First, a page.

Format

Send to

Choose Destination
J Infect Dis. 2000 Sep;182 Suppl 1:S54-61.

Consumption of eicosapentaenoic acid and docosahexaenoic acid impair murine interleukin-12 and interferon-gamma production in vivo.

Author information

1
Department of Animal Sciences and the Graduate Nutritional Sciences Program, University of Missouri, Columbia, MO 65211, USA. FritscheK@missouri.edu

Abstract

In mice, individual dietary omega-3 polyunsaturated fatty acids n-3 (PUFA) were found to be sufficient to effect the changes in circulating interleukin (IL)-12 and interferon (IFN)-gamma levels that were previously seen in fish oil-fed mice. Weanling female C3H mice were fed one of five experimental diets. All five diets met all known nutritional requirements for mice and differed only in the fat source. After 4 weeks, mice were challenged with live Listeria monocytogenes or sterile PBS. Twenty-four hours after infection, n-3 PUFA-fed mice had significantly lower circulating IL-12 p70 and IFN-gamma than mice fed the control diet (P<.01). In addition, splenic cytokine mRNA for IL-12 p40, tumor necrosis factor-alpha, and IL-1beta were lower in infected mice fed n-3 PUFA-containing diets than in mice fed the olive oil ethyl esters control diet. The reduction of IL-12 and IFN-gamma production by n-3 PUFA may have important implications for host infectious disease resistance.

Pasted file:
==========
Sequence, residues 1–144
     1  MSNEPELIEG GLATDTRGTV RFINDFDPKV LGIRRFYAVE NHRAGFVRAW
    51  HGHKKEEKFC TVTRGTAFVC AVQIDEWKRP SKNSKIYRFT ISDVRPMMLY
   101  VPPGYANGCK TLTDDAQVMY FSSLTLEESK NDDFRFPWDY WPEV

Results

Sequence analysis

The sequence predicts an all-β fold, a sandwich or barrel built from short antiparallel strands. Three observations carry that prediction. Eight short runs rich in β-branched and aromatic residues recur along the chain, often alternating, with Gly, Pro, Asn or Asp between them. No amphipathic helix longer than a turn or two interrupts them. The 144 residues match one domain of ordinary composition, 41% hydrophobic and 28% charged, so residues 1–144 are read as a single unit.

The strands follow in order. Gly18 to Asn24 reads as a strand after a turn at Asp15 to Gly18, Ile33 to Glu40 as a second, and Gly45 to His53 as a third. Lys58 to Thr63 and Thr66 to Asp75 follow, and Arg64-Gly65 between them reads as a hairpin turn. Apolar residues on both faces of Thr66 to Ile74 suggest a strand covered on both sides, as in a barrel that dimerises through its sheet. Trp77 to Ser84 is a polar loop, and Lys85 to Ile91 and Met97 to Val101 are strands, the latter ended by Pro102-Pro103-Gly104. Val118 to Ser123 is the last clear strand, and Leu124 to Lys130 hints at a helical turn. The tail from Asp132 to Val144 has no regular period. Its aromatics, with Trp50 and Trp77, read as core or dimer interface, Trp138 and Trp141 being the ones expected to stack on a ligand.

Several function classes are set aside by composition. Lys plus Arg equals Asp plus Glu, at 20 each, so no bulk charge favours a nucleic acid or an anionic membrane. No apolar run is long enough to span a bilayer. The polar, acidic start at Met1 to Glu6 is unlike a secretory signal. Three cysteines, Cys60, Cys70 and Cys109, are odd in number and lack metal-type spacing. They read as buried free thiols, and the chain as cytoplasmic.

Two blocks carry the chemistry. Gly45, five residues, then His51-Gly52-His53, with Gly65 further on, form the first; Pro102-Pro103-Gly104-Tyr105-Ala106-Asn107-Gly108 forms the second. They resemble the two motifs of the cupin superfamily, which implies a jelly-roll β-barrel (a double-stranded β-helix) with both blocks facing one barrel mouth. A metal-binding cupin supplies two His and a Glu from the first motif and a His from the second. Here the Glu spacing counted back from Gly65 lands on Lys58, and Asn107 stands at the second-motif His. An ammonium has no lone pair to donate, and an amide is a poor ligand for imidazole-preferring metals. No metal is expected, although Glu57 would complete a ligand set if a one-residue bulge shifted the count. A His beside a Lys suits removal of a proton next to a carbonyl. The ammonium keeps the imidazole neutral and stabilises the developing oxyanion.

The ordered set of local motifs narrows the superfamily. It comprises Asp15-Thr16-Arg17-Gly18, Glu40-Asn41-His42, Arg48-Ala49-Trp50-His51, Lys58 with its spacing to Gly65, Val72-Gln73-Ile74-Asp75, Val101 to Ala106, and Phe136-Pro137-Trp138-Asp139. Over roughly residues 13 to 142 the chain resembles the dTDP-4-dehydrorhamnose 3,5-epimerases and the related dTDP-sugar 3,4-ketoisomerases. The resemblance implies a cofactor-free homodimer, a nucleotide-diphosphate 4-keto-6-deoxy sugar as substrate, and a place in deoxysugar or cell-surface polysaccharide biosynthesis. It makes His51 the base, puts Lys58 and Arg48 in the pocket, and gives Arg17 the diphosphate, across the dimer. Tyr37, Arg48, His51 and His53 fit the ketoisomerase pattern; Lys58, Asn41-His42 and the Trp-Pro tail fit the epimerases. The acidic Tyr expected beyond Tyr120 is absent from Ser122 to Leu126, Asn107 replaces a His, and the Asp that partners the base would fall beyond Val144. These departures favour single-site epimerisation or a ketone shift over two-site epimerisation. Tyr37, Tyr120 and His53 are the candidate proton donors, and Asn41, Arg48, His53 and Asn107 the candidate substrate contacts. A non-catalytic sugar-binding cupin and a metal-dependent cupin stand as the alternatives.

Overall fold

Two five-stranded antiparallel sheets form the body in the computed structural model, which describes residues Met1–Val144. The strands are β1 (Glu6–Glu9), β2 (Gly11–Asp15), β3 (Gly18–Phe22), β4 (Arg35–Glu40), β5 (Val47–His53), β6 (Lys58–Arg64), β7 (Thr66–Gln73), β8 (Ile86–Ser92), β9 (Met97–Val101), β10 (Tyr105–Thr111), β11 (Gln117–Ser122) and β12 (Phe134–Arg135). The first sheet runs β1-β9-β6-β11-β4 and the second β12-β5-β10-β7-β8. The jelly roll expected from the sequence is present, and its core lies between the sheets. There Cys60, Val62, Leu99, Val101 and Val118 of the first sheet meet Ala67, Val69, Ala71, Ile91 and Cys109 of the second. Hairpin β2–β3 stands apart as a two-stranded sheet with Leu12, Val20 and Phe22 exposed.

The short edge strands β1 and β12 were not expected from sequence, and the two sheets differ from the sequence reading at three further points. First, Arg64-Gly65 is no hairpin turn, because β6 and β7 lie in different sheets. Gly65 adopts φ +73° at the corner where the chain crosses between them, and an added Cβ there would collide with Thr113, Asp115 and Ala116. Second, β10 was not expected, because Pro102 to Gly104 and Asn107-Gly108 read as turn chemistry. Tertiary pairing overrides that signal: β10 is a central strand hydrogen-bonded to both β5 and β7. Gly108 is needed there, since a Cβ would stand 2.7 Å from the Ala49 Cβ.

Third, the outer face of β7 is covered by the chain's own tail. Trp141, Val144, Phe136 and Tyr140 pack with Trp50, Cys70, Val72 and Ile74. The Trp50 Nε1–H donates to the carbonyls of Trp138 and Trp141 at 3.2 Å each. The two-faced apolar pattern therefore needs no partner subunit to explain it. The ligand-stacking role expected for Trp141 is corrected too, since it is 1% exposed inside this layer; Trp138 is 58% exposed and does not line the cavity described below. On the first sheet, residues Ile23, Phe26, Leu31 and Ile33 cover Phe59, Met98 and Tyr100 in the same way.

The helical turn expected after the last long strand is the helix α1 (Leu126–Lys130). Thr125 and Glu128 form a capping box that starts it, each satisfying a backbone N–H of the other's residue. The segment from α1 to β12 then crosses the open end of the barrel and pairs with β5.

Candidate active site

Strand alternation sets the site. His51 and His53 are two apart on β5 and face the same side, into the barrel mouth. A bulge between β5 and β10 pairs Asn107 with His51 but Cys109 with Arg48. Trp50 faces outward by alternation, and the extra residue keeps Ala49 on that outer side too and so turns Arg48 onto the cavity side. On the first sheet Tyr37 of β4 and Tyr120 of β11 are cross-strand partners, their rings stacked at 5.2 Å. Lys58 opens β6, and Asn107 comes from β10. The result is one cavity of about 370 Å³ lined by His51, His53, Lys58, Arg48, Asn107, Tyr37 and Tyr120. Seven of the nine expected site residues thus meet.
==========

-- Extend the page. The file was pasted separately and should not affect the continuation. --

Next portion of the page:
PMID:
10944484
DOI:
10.1086/315925
[Indexed for MEDLINE]

Supplemental Content

Full text links

Icon for Silverchair Information Systems
Loading ...
Support Center